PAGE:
CAREW, Thomas I (1624-81), of the Inner Temple and Barley, nr. Exeter, Devon.
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Family and Education
bap. 19 July 1624, 4th but 3rd surv. s. of Sir Richard Carew, 1st Bt.†, of Antony, Cornw., being 2nd surv. s. by 2nd w. Grace, da. of Robert Rolle of Heanton Satchville, Devon; bro. of John Carew and half-bro. of Sir Alexander Carew, 2nd Bt. educ. I. Temple 1641, called 1651. m. lic. 26 Aug. 1661, Elizabeth (d. 23 Nov. 1677), da. of John Cupper, merchant, of Barley, 5s. (1 d.v.p.) 3da. Kntd. 21 July 1671.1
J.p. Cornw. Mar. 1660-1, Devon 1662-d., Tiverton 1680-d. ; commr. for militia, Cornw. Mar. 1660, assessment, Devon Aug. 1660-80, Cornw. 1664-80, Exeter 1673-80; bencher, I. Temple 1667; commr. for recusants, Devon 1675, dep. lt. 1676-d.; recorder, Exeter 1676-d.2
Carew, a professional lawyer, was too young to take an active part in the Civil War like his elder brothers, though he admitted to ‘being once misled in the times of confusion’, presumably referring to his membership of Richard Cromwell’s Parliament. ‘A worthy, loyal gentleman’, he was presented to George Monck, his kinsman, on his arrival in London in 1660, and signed the declaration of the King’s party in Devon. He stood for Mitchell at the general election and was involved in a double return. Seated in the Convention as a court supporter on the merits of the return, he was named only to the committee of elections and privileges. He made no attempt to safeguard his interests when his brother was attainted as a regicide, ‘choosing rather to cast himself upon your Majesty’s royal favour’. He was rewarded with the grant of the forfeited properties of Bowhill and Higher Barley, and he acquired further property in the Exeter neighbourhood by marriage. Bishop Sparrow wrote in 1671:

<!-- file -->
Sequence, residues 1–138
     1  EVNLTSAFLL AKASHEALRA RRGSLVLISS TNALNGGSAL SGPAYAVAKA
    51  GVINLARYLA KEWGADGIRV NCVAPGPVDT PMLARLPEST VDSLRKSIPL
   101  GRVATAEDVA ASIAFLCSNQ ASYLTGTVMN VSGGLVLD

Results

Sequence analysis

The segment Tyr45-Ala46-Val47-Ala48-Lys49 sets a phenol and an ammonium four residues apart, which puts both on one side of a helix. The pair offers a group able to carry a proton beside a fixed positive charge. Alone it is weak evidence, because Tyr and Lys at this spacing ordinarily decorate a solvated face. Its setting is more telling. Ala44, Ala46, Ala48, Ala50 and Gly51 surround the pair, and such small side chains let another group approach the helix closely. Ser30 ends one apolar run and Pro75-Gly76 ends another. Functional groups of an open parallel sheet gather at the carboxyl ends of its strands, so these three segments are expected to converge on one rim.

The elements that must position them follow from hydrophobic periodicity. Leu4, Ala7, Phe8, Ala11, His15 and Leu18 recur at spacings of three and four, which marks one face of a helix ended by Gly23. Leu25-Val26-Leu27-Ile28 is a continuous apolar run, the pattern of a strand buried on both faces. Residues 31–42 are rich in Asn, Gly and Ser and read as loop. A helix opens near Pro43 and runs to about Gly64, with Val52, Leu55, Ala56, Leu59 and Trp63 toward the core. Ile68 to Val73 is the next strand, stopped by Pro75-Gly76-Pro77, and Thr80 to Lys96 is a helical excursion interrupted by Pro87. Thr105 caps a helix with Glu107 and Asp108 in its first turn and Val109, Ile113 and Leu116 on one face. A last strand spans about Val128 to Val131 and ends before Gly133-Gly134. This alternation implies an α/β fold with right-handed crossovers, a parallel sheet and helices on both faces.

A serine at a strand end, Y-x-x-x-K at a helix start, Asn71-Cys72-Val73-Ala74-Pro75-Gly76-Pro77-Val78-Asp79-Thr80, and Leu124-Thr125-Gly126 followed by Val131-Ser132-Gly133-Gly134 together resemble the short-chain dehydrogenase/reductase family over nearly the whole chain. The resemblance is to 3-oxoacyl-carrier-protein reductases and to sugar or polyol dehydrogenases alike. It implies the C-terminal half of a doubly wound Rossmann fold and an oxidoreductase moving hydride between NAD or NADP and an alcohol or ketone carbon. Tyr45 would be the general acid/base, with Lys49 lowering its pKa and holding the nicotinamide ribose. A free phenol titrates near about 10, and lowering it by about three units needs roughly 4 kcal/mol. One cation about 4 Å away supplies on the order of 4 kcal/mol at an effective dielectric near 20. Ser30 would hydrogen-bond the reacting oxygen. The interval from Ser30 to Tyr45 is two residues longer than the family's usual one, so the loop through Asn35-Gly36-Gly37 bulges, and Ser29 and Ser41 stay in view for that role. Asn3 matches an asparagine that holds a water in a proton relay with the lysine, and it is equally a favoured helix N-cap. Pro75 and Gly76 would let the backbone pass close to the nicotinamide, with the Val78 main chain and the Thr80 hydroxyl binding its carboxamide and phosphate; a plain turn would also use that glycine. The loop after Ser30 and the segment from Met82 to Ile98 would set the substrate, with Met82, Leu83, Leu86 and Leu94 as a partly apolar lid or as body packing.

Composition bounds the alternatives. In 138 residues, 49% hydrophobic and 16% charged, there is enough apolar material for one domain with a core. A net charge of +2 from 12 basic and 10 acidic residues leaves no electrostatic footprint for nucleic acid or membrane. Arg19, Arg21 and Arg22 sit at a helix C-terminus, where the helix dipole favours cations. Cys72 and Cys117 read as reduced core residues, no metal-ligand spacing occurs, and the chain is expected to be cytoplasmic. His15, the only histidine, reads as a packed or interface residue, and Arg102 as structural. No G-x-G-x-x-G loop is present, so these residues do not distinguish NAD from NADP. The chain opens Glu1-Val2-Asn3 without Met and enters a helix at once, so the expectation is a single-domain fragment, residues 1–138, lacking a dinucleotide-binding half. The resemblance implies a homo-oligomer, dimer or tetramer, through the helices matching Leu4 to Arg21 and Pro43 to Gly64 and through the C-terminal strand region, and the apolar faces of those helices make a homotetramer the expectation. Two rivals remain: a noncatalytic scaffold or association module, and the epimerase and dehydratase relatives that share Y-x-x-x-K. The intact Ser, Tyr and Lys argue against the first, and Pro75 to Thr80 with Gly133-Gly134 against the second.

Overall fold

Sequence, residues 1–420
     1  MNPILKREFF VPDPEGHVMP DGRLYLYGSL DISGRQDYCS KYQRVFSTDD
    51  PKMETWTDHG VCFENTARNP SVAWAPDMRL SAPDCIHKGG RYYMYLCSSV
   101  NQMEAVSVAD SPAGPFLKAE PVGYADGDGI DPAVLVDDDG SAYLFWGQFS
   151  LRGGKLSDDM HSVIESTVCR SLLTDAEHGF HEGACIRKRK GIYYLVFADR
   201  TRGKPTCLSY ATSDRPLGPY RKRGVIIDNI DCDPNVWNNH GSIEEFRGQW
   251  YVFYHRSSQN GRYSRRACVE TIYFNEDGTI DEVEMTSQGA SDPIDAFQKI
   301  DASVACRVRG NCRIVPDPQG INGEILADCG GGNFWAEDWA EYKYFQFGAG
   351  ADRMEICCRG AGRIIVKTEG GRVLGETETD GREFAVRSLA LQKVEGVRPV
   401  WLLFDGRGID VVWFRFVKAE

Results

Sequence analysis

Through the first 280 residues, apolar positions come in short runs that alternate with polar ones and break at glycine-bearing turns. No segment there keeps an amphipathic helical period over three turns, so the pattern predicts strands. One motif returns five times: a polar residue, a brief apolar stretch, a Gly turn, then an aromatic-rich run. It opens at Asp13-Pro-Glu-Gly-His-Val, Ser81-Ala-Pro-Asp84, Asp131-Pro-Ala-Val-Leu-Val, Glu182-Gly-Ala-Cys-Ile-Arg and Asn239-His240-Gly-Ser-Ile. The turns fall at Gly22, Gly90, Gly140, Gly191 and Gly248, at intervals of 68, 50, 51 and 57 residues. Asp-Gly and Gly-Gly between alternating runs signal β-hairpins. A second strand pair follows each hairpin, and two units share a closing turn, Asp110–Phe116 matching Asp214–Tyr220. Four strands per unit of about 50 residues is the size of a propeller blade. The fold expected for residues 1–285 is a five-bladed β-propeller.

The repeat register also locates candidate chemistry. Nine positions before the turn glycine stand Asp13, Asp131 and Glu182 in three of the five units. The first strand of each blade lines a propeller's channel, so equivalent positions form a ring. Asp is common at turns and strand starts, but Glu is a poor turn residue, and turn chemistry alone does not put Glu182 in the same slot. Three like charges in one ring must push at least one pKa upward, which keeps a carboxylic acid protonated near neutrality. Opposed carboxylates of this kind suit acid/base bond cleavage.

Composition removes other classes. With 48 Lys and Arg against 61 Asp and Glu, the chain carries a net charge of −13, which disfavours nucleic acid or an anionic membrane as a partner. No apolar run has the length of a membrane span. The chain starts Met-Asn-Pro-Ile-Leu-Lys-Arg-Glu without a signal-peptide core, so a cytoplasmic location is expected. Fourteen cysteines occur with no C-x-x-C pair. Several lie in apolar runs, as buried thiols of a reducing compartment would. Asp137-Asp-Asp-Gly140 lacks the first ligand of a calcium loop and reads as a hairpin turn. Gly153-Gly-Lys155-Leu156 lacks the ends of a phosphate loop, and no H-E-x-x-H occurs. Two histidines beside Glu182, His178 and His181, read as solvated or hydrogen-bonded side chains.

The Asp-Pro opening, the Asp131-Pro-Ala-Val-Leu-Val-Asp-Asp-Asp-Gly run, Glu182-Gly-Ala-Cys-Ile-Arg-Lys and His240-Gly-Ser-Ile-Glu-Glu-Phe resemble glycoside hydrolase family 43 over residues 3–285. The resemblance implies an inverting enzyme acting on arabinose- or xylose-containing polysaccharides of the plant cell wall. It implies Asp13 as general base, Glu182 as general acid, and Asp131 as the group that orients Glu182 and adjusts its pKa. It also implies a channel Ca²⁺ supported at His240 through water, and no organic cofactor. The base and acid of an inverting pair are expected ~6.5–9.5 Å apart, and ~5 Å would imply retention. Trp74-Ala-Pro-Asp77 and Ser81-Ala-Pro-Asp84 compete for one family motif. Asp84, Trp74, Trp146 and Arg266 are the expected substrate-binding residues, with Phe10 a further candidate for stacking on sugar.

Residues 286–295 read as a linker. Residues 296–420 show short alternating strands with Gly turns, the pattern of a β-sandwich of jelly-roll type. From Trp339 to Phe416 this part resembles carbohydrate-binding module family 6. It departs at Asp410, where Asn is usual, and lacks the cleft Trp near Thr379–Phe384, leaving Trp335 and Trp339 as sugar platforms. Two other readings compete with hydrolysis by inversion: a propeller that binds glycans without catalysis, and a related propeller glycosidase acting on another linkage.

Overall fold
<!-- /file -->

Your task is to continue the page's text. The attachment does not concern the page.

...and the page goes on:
The chief man in this country for skill and courage and diligence, and who is the oracle of the county, by whom this city is kept in good order, is Mr Thomas Carew, barrister, a man neither covetous nor ambitious, one who professes himself bound to endeavour what he can to make satisfaction for being once misled in the times of confusion. He is our true friend in all our concerns, and deserves encouragement.
On behalf of the corporation he negotiated with the chapter over the bill to unite Exeter parishes in 1673, and a timely loan of £500 for the extension to the ship canal in March 1676 cannot be dissociated from his election as recorder two months later. He was ordered to examine at Plymouth, the imprisoned General John Lambert who was suspected of complicity in the Popish Plot. As recorder of Exeter, he was ‘prevailed upon by the loyal party to stand’ at short notice at the first general election of 1679, but he was defeated by the candidates of ‘the fanatic party’. He was returned as an opponent of exclusion in 1681, but was appointed to no committees and made no speeches in the Oxford Parliament. He died on 25 July 1681 and was buried at St. Thomas near Exeter. His son Thomas sat for Saltash as a Tory from 1701 to 1705.3
Ref Volumes: 1660-1690
Authors: M. W. Helms / J. S. Crossette
- 1. The Gen. n.s. xxv. 155; Vivian, Vis. Devon, 142; Soc. of Genealogists, Exeter mar. lic.; PCC 300 Wootton.
- 2. Trans. Devon Assoc. lxi. 213.
- 3. SP29/36/68; HMC Popham, 213; Exeter corp. act bk. II, ff. 128, 159, 162; CSP Dom. 1678, pp. 511-12; HMC Montagu, 174, 175; C. Worthy, Suburbs of Exeter, 163; W. P. Courtney, Parl. Rep. Cornw. 272; Devon and Cornw. N. and Q. xxii. 48.